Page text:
Guardian cartoonist fired for Netanyahu caricature says his reputation slurred

 Steve Bell, the renowned British cartoonist, has accused The Guardian newspaper of damaging his reputation by discontinuing his work over a caricature of Israeli Prime Minister Benjamin Netanyahu allegedly evoking anti-Semitism.

The newspaper has decided not to renew Bell’s annual freelance contract. The incident sheds light on the challenges of navigating accusations of anti-Semitism, particularly in the context of the Israel-Hamas conflict.

“It’s fine, if they want to go our separate ways…But don’t say you’re not going to use my work because that says there’s something questionable about my work,” the veteran cartoonist told EFE in his studio at his home in Brighton, southeast England.

He emphasized that by not using his work, The Guardian essentially declared him “persona non grata.”

Bell indicated that he is in contact with the National Union of Journalists (NUJ) and is contemplating legal action. “There is a slur in my reputation because they are not using (my work).”

The controversy over the never-published cartoon of Netanyahu, depicted wearing boxing gloves and holding a scalpel, seemingly preparing for self-surgery, with a cut in the shape of the Gaza Strip.

The Guardian’s opinion desk rejected the cartoon, claiming it contained an “obvious anti-Semitic trope” of a “Jewish bloke” demanding a “pound of flesh” like a Jewish moneylender Shylock did in “The Merchant of Venice.”

Bell dismissed the interpretation, saying it is “ludicrous” to label Netanyahu simply as a “Jewish bloke” and argued that the Guardian’s decision was unfounded.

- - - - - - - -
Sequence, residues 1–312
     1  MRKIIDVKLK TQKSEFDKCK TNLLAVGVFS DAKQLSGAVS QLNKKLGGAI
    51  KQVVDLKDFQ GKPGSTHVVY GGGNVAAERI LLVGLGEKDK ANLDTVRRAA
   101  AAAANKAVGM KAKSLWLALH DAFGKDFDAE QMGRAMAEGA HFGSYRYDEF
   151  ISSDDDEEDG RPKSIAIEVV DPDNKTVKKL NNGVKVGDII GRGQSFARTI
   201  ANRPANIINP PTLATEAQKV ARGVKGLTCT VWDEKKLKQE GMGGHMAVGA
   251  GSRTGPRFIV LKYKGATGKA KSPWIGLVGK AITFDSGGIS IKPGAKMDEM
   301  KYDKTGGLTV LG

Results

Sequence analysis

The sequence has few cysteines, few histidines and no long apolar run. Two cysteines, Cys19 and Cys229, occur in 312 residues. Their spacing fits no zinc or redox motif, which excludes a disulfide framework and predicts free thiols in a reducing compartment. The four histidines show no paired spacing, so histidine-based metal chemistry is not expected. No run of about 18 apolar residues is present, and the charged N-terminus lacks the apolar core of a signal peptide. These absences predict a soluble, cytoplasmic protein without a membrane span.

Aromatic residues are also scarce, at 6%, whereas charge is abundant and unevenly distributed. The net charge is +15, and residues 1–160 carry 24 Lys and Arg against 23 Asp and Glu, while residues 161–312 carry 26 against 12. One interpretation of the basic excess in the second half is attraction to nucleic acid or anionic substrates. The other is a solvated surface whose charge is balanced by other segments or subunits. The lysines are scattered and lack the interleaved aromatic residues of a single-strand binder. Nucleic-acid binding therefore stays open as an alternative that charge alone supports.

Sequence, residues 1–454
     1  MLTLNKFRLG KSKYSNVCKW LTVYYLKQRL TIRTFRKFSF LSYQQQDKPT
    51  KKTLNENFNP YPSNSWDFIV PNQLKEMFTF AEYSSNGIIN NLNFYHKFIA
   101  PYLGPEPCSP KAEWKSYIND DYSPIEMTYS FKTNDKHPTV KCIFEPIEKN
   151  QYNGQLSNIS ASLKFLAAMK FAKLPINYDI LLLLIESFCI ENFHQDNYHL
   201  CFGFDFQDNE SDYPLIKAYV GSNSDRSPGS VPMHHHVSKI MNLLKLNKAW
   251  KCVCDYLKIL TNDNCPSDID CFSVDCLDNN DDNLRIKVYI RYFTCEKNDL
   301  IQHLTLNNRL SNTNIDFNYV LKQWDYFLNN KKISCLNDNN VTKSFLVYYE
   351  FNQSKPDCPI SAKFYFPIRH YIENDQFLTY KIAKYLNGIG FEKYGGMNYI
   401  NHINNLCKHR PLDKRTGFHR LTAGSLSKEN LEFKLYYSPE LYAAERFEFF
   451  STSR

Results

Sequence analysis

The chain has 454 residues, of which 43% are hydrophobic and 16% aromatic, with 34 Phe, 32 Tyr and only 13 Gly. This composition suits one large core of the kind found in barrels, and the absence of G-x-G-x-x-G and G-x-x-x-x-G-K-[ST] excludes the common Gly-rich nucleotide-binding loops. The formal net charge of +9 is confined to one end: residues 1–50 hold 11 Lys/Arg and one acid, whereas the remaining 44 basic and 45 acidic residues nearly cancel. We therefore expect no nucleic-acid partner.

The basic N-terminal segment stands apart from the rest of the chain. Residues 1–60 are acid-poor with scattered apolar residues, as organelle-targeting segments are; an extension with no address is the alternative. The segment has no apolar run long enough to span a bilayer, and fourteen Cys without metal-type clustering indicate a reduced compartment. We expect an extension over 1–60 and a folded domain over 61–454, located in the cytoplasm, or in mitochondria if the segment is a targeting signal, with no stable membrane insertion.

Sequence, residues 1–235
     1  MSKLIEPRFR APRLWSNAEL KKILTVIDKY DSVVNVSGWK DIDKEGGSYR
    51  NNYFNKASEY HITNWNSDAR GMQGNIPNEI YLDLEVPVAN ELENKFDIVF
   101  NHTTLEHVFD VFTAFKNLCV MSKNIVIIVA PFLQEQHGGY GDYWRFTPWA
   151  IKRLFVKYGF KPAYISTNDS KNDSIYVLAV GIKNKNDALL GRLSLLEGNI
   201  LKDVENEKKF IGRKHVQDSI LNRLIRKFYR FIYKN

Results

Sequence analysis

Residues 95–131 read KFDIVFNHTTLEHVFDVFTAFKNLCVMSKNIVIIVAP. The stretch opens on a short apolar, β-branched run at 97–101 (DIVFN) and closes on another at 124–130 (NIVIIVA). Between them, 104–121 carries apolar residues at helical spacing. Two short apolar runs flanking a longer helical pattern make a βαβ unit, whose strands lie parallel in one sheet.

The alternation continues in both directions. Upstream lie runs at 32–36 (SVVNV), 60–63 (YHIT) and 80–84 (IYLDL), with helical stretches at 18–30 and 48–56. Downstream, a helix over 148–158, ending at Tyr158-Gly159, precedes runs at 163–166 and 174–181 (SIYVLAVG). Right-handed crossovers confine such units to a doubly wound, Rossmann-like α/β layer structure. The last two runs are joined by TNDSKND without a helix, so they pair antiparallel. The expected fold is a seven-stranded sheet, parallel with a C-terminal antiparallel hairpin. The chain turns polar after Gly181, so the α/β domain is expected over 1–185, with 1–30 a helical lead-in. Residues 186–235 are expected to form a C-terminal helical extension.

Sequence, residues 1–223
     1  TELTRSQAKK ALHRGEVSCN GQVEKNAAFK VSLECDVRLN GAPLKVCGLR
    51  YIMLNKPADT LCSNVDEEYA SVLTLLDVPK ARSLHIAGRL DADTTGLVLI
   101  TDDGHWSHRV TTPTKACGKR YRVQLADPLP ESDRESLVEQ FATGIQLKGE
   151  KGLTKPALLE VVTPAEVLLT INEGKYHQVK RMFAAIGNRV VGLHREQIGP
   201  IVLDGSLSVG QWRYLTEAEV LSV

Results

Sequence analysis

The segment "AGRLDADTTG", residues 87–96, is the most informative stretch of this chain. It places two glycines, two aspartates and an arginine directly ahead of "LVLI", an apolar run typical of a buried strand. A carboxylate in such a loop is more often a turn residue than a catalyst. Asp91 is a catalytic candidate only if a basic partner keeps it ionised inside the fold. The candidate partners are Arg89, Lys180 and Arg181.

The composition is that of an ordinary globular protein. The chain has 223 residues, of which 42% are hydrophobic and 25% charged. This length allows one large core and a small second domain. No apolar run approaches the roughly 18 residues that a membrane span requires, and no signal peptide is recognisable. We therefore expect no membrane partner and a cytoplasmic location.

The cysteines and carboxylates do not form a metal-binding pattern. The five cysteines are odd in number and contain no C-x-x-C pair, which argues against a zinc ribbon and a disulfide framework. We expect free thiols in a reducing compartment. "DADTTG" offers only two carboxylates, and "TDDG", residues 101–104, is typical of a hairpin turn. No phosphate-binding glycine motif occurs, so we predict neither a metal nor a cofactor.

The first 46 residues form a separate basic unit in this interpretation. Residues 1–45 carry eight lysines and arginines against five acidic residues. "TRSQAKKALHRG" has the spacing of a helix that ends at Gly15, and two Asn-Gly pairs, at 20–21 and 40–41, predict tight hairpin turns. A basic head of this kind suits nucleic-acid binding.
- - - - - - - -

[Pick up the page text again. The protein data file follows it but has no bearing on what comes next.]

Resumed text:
The cartoonist said the inspiration for the cartoon came from a 1966 drawing by New York illustrator David Levine, depicting US President Lyndon B. Johnson revealing his scar from a bladder operation, shaped like the map of Vietnam.

Bell said The Guardian editors were unwilling to engage in a reasoned discussion. Subsequently, Editor Katharine Viner informed him via a brief email that they would cease publishing his work.

In April, the Guardian forced another cartoonist, Martin Rowson, to apologize for a cartoon perceived as antisemitic.

Bell highlighted the growing difficulty of satirizing the Israeli state and its politicians due to the fear of complaints of alleged anti-Semitism from lobbying groups, emphasizing the need to distinguish legitimate criticism from baseless accusations.

He cited the case of Jeremy Corbyn, the former Labour leader ousted over accusations of anti-Semitism, to underscore the heightened sensitivity surrounding the issue.

“The problem is you have a very active lobby… they’re very, very alert to any hint of anything, any criticism of Israel…But what it seems to do is see anti-Semitism where there isn’t actually any.

By web Desk